“Toward the end of Rita Hayworth’s life, people thought Rita was drinking, heavily, but she had Alzheimer’s. It wasn’t alcohol. Rita was slurring her speech and forgetting things and behaving a little differently, and strangers thought she was on the bottle. She wasn’t. She had what President Reagan had. People didn’t know what it was. There was no Alzheimer’s Awareness then. Old people were believed to simply have hardening of the arteries. And younger people like Rita were perceived to be drunk. It was a real tragedy.”

“Rita was on the plane going to London and there was a misunderstanding. It was Alzheimer’s. It certainly makes me sad when I think about it. I miss Rita Hayworth. I don’t think a day goes by that I don’t think about that child. Rita Hayworth gave me this beautiful radio you see here. Rita Hayworth was one of the most generous people in the world. Her daughter, fathered by Ali Khan, was totally devoted to Rita. She was Rita’s caregiver in her last years. That girl really loved her mother. She protected her, right up until the end.”

Dorothy Holmes reflects quietly. “I have heard many theories about how one gets Alzheimer’s. I don’t think the doctors really know how people get it. I told Rita to stop using that hair dye all the time. Her hair was tinted red for Technicolor in the 1940s and she never stopped dying it that way. She was really RITA CANSINO. Hayworth was her movie-stage name. Rita’s real hair color was black. I told her to stay away from hair dye. I know that hair dye is bad for you. It’s bound to get inside you, one way or the other. I don’t care what the experts say.”

“For the record, I did not live at Rita Hayworth’s home. I came into work each day. I had my own home in North Hollywood. One of my brothers also lived in Hollywood.”

Dorothy Holmes held up an autographed picture of Cybil Shepherd. “After Rita Hayworth died, I worked for the director, Peter Bogdonovich, who directed Cybil Shepherd, his then companion, in The Last Picture Show and The Portrait of a Lady. They were a nice couple. I loved working for them, too. Cybil Shepherd is a lot of fun. She’s from the south. Memphis, Tennessee, just like Dinah Shore.”

“People do not realize how hard and difficult it is to be a movie star. Most people, the average American, thinks it’s just glamour and parties and having fun. It’s a lot of that, too, but it’s mostly hard, grinding work. Long hours. Lots of tension because of extensive schedules. You don’t get on the top in Hollywood by being lazy.”

“When Cybil Shepherd worked on her television series, the one with BRUCE WILLIS – Moonlighting – that girl would come home each night totally exhausted. I would run warm water in the tub for her. Fix her something to eat.”

“I first met Peter Bogdonovich at Rita Hayworth’s house. Peter Bogdonovich was Orson Welles’ protegee. Orson helped Peter get established in Hollywood. Orson Welles loved Peter Bogdonovich like his own son. I think Peter thought of Orson as his mentor and spiritual father. It was sad for Peter and everyone else when Orson Welles died. Orson Welles was only 70 years old. His heart gave out. He was at his typewriter, working on his last movie script, The Cradle Will Rock.”

Of the actor, Telly Savalas, Dorothy Holmes said: “I was fond of him. I’d see Telly at parties, or in the streets, and he’d give me money if he learned I was intending to vacation in Las Vegas. Telly Savalas liked to gamble. He was a high roller. He was a tough guy in his movies like The Dirty Dozen and On Her Majesty’s Secret Service. I liked him best on television in Kojak. In real life, Telly Savalas was a gentleman. He lived, with his last wife, in a penthouse above the Universal-Sheraton at Universal City Studios. He died of prostate cancer.”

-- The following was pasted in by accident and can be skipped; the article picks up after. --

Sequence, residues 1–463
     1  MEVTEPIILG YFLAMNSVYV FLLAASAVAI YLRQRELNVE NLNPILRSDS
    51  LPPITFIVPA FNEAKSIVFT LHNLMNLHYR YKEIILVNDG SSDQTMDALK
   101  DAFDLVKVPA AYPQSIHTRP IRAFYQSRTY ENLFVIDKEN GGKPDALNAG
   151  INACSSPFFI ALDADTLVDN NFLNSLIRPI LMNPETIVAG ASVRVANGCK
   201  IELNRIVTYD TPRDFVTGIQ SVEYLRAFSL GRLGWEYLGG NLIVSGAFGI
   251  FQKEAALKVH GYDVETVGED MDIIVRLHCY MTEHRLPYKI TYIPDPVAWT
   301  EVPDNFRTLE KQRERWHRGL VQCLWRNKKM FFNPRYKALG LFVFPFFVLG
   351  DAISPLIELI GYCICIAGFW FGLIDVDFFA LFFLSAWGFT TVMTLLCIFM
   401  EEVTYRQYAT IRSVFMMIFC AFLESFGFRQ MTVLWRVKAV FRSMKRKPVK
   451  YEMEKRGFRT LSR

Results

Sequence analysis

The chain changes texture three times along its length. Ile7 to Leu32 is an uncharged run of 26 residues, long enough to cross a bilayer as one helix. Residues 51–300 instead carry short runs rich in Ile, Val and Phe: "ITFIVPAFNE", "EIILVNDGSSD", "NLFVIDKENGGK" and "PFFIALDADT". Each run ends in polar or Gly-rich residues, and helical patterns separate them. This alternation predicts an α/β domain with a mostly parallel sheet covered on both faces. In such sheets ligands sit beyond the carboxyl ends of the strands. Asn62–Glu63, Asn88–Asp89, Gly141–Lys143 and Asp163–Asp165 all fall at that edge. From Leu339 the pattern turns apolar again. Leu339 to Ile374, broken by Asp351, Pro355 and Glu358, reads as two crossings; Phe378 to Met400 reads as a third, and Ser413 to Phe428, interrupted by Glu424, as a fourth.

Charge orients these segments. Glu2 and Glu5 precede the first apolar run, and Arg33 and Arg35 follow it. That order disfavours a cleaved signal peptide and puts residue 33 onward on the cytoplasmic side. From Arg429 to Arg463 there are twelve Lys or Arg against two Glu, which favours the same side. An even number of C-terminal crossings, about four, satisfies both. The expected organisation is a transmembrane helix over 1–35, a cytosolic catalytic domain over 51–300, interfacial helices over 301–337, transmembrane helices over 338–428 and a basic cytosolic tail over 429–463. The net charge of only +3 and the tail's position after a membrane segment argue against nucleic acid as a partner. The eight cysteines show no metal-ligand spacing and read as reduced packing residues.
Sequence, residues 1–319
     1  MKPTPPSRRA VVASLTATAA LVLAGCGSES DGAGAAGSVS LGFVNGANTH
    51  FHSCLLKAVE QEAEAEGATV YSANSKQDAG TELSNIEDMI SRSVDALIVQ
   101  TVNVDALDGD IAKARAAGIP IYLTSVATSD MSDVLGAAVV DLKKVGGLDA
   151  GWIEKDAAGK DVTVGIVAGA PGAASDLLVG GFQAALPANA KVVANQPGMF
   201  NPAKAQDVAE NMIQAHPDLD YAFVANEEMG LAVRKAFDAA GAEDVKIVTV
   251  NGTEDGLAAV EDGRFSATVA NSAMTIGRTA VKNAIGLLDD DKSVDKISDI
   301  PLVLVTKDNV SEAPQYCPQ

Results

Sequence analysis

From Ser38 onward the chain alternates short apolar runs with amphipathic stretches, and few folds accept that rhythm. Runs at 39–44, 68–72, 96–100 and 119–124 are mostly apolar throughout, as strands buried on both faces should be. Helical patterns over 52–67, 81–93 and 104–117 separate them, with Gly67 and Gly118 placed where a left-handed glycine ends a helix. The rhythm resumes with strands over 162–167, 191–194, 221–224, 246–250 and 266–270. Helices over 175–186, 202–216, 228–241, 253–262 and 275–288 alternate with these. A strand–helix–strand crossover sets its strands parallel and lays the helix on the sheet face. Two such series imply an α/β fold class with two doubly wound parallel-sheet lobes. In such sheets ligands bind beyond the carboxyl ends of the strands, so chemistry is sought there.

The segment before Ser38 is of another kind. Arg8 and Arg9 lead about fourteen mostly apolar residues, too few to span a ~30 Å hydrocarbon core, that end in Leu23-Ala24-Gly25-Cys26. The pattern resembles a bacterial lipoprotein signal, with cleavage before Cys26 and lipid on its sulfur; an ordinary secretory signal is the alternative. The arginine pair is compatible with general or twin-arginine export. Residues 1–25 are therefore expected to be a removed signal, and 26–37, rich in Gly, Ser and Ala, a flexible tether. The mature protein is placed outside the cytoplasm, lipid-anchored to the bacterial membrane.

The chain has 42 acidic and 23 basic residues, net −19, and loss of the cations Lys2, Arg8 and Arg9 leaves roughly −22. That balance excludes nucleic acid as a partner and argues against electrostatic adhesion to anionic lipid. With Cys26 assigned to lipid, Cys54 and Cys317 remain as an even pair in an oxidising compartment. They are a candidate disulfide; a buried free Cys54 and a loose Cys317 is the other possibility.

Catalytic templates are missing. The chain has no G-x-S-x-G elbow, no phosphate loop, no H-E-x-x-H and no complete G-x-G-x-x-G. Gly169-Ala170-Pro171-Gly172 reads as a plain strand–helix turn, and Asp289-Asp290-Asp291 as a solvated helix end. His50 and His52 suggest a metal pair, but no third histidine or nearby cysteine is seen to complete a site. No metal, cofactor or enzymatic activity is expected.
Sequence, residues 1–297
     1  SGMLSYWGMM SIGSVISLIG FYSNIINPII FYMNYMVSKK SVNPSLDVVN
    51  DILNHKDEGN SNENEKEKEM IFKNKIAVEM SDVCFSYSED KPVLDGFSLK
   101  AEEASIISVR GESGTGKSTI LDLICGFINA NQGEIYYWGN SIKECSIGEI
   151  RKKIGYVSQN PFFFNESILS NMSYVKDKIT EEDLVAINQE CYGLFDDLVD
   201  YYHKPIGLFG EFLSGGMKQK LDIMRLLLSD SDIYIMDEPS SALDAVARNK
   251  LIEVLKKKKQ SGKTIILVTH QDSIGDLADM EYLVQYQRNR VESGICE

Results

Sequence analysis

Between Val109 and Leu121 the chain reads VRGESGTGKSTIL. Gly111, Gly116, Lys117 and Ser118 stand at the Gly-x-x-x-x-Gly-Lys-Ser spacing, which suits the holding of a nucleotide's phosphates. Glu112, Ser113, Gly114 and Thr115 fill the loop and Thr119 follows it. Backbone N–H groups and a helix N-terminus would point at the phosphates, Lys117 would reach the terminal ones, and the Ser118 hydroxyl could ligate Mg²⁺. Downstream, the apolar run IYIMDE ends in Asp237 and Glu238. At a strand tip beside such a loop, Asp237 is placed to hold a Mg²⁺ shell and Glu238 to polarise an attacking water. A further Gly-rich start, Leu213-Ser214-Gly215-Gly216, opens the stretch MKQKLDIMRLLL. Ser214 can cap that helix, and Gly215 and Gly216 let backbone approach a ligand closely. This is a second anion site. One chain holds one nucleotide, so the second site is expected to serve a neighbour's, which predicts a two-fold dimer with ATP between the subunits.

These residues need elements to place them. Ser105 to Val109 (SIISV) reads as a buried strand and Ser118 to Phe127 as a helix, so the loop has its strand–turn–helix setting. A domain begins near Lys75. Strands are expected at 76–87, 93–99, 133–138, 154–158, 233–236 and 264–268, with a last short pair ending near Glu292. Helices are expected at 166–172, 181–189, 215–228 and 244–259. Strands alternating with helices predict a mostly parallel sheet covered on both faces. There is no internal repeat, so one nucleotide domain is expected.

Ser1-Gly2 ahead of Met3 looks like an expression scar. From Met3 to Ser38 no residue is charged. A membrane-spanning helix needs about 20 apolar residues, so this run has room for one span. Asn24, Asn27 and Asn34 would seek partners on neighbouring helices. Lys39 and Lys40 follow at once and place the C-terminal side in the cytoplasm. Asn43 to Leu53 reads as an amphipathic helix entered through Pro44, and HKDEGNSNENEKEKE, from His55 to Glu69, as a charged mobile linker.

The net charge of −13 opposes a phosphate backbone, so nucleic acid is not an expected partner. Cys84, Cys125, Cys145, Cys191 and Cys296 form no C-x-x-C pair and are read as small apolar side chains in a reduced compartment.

“As a younger man, during his army experience, Telly Savalas was stationed in Virginia. He had a bad automobile accident in Virginia. He was very nice to me – and, actually knew the county I was from – Middlesex – as he had driven through it on his return trips to Norfolk.”

“I also knew Red Foxx, before Sanford and Son. when he was still a stand-up comedian. A lot of racy stuff in his act. I was also a friend of Sammy Davis, Jr. Sammy Davis, who was a member of Frank Sinatra’s ‘RAT PACK,’ went to our church. Sammy Davis was a nice guy. Of course, I knew Frank Sinatra from Rita Hayworth’s parties. Frank and I kidded each other a lot over the years.”

“I knew Cary Grant, quite well. He must have been the handsomest and most elegant man in the world. Cary Grant wanted me to work for him at his house in Palm Springs. I turned him down. I did not want to leave Rita Hayworth.”

Of the comedian, Don Rickles, Dorothy Holmes says, “When Don Rickles first started out, he was poor. Life was not easy. I worked for Don Rickles. It took Don Rickles a long time to catch on, his humor was so different. Don Rickles’ brother used to fill his refrigerator with steaks to keep the family fed. Don Rickles was still honing his act. All those insults Don Rickles uses in his act are just that, child – an act. It took Frank Sinatra a long while to get used to Don Rickles. But once Frank got the hang of it – Don Rickles’ offbeat humor – Sinatra and Rickles were pals for life.”

“I didn’t always think Don Rickles’ jokes were funny, and I told him so once. Rickles didn’t get upset. Don Rickles and I got along fine.”

Dorothy Holmes today is considered a Middlesex County, Virginia, hero, according to her friends and neighbors. An African-American who left home at a young age and made something of herself in Hollywood, against overwhelming odds. “I did my job and I treated people the way I would want them to treat me,” she says. “There are always a few scoundrels out there, a few bad apples. But, basically, most people, regardless of their race or color or religion, are decent. You just have to give people a chance, sometimes.”

She says one of her favorite people, the late singer Nat King Cole, “told me this more than once, when I was feeling low or full of self-doubt. He told me to look at the positive side in all things. I miss him.”

For other articles by Ronald Payne, check out The James Bond Files, also posted at this website.

We also hope you enjoy the Ron Payne Hollywood Files, available in the Spies on Film section here at Spywise.net.